English Across the Curriculum

The World of Mammals

Senses of Mammals

Mammals have five senses that tell them what is happening in their surroundings. Not all senses are developed equally among mammals.

Mammals rely on a sense of smell to find food and warn them of their enemies. Many species use smell to communicate with each other. Humans, apes and monkeys have a relatively bad sense of smell. Taste helps mammals identify the food that they eat.

Most mammals have a good sense of hearing. Some mammals use their hearing to detect objects in the dark. Bats, for example, use sounds to navigate and detect tiny insects. Dolphins also use such a system to find their way around.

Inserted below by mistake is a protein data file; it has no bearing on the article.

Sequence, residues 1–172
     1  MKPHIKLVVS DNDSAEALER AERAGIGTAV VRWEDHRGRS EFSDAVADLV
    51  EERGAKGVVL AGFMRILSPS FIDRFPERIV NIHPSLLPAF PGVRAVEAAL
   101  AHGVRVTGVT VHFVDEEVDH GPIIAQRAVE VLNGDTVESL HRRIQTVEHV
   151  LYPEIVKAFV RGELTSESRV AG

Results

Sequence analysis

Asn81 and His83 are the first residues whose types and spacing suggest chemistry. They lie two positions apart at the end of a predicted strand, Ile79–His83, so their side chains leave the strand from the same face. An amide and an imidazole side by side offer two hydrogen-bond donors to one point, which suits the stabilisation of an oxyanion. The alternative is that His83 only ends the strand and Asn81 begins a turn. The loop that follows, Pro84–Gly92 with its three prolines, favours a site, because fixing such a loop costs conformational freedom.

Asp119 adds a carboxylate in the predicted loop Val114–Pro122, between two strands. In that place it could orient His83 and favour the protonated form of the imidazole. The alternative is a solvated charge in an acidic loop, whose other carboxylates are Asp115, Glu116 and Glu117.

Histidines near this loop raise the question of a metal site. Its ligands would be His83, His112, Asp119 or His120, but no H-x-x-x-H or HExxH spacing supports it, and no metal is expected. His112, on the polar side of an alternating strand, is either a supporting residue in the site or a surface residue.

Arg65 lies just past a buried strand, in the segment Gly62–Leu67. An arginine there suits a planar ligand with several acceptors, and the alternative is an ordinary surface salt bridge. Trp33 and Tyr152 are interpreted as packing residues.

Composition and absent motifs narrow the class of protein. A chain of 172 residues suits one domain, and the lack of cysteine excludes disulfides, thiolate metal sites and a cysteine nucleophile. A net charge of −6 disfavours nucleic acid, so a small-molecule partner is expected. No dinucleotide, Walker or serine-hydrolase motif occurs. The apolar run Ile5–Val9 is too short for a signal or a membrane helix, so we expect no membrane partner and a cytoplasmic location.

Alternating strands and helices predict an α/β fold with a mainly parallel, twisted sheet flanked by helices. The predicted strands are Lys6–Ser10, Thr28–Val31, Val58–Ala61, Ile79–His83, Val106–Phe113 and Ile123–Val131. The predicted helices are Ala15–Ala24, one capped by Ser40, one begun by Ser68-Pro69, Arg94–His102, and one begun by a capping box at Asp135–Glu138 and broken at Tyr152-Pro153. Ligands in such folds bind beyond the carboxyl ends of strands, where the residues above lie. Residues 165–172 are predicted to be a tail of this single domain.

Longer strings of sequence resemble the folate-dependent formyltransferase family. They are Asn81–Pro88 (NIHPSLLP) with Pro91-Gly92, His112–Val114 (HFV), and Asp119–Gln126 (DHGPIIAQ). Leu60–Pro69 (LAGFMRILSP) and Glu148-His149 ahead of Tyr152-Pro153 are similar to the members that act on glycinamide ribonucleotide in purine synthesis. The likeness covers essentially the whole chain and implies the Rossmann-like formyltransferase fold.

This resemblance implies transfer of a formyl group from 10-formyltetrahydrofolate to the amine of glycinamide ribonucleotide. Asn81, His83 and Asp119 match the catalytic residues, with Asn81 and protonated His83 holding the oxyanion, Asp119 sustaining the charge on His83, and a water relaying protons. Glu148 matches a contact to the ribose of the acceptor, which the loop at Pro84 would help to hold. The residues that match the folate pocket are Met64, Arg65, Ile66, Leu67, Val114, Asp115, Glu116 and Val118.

While higher primates, like humans, apes and monkeys have a highly developed sense of sight other mammals are nearly blind. Most of these mammals, like bats, are active at night.

Mammals have a good sense of touch. They have nerves in all parts of their body that let them feel things. Cats and mice have whiskers with which that they can feel themselves around in the dark.

The whiskers of a cat help them feel things
Image:  Wolf ReynoldsCC BY 3.0, via Wikimedia Commons